Histone ChIP was performed as previously described53. Protein A magnetic beads (Invitrogen, 10002D), anti-H3 (3 μg, ab1791, Abcam), and anti-H3K4me1 (6 μg, ab8895, Abcam) were used. After immunoprecipitation, recovered DNA was quantified by qPCR with primers listed in Supplementary Table 2. Data were normalized to input, and values were shown as the ratio of H3K4me1 to H3.
Ten-day-old seedlings were harvested, and RNA was extracted. For fip37, seedlings were harvested 14 days after germination, seedlings without true leaves were taken as homozygous mutants. After treated with TURBO DNase (Ambion) to remove DNA contamination, RNA was reverse-transcribed by SuperScript IV Reverse Transcriptase (Invitrogen) using gene-specific primers. qPCR analysis was performed and data were normalized to UBC. Primers are described in Supplementary Table 2.
Western blot analysis
Total protein extracts were separated on NuPAGE 4–12% Bis-Tris Gels (Invitrogen) and transferred to 0.45-μm PVDF membrane (GE Healthcare). The membrane was blocked in 5% (w/v) milk in phosphate-buffered saline (with 0.1% Tween-20) (PBST) for 1 h at room temperature. Anti-FCA (1:8000 dilution, homemade) or anti-H3 (1:1500 dilution, ab1791, Abcam) antibody was added, and the incubation was carried out at 4 °C overnight. After several washes in PBST buffer, the membrane was incubated in rabbit IgG horseradish peroxidase linked whole antibody (1:10,000 dilution, NA934, GE Healthcare) before using chemiluminescence for detection. Protein loading was visualized after Coomassie Blue staining.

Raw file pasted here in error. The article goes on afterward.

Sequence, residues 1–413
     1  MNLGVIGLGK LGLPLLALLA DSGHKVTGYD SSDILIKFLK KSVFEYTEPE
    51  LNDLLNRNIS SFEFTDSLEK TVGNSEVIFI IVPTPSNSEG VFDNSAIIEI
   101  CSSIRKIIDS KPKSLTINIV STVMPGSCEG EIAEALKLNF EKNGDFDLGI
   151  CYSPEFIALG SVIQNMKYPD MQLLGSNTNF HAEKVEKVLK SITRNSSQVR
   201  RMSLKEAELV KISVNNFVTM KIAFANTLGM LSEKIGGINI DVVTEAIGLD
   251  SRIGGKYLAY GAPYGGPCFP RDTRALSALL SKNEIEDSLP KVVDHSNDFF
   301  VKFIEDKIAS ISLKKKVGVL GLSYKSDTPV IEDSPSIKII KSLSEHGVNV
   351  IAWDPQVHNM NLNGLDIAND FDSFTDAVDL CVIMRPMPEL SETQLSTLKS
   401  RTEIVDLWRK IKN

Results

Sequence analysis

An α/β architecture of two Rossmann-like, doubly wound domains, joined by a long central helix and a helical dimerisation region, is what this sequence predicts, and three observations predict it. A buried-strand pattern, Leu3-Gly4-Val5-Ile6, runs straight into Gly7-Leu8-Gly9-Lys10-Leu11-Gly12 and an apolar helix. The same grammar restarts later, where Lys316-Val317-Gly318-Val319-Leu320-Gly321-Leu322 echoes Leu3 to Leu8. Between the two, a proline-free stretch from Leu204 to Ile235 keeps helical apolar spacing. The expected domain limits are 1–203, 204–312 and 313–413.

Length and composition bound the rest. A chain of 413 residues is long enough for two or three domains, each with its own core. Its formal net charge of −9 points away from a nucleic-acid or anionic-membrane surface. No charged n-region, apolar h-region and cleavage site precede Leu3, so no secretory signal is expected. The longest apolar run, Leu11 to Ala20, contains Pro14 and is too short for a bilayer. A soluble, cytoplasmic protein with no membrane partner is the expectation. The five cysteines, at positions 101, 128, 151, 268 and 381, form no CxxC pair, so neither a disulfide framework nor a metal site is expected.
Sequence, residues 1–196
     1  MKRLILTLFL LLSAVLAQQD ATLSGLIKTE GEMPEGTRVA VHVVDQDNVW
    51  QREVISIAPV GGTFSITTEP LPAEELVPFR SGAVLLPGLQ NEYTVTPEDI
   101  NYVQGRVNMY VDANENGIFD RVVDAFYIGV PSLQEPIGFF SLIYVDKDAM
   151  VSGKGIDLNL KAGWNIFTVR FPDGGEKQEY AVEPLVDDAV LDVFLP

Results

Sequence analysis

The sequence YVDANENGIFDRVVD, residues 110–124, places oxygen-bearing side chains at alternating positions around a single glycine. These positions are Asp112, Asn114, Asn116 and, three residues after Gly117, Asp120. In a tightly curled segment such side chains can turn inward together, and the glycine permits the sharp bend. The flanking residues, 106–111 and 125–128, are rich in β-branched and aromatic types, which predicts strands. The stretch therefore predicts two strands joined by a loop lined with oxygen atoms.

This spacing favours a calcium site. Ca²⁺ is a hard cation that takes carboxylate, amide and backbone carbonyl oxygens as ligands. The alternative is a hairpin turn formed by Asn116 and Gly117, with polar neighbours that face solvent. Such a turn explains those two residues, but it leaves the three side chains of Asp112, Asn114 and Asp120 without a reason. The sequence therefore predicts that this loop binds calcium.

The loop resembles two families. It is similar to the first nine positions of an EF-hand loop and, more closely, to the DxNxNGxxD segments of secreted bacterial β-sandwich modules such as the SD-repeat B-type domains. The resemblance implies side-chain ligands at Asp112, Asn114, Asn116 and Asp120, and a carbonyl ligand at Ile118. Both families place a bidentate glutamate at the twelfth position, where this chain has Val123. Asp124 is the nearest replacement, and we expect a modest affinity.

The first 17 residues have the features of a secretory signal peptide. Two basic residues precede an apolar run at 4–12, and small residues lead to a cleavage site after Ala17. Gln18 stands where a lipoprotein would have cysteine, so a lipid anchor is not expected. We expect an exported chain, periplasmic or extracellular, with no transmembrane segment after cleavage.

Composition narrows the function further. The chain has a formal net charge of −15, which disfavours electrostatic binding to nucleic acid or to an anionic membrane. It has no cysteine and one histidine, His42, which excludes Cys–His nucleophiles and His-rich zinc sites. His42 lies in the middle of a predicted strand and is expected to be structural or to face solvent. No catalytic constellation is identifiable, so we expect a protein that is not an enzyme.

Cloning, expression, and purification of recombinant proteins
The sequence corresponding to the N-terminal of FCA (ATG to 948 bp) containing both RRM domains or FCA full length was amplified from cDNA and inserted into the pGEX-6P-1 vector (GE Healthcare). Freshly transformed cells (E. coli BL21DE3) were grown in terrific broth medium at 37 °C for 6 h, followed by induction of protein expression for 3 h at 30 °C with 1 mM IPTG. The GST-tagged protein was purified from the cells by following a protocol provided with Glutathione Sepharose® 4 Fast Flow (GE Healthcare).
In vitro RIP